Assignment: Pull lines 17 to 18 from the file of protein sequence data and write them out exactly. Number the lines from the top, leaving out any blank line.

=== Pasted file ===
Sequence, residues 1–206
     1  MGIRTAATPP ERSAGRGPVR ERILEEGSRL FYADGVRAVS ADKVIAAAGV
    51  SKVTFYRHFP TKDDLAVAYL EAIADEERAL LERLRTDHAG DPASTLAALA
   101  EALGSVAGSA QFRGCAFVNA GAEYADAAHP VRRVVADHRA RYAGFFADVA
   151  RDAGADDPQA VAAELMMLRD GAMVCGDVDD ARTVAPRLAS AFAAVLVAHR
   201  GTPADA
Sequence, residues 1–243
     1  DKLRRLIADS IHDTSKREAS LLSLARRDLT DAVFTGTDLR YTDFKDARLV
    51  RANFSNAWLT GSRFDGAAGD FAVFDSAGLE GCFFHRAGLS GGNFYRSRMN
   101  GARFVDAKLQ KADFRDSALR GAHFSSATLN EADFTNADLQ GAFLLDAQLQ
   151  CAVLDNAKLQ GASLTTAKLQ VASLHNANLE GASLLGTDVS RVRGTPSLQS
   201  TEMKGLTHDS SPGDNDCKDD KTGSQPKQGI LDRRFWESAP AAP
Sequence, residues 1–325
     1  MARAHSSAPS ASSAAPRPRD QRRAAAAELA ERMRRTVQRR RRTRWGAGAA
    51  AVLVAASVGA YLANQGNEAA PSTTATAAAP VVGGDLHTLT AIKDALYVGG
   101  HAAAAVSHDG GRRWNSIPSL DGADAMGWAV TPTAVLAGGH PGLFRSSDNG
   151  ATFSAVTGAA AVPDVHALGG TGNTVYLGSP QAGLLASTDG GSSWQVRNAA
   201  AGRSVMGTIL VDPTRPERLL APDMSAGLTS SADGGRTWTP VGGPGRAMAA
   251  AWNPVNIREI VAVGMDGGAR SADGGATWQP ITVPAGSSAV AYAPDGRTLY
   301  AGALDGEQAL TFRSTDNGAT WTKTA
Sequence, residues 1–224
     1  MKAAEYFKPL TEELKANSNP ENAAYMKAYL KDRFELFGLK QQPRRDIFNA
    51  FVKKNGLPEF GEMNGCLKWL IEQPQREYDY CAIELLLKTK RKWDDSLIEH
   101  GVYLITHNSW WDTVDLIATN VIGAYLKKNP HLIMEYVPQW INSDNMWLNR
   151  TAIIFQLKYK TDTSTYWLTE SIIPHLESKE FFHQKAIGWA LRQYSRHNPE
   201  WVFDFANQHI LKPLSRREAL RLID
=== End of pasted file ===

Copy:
   151  ATFSAVTGAA AVPDVHALGG TGNTVYLGSP QAGLLASTDG GSSWQVRNAA
   201  AGRSVMGTIL VDPTRPERLL APDMSAGLTS SADGGRTWTP VGGPGRAMAA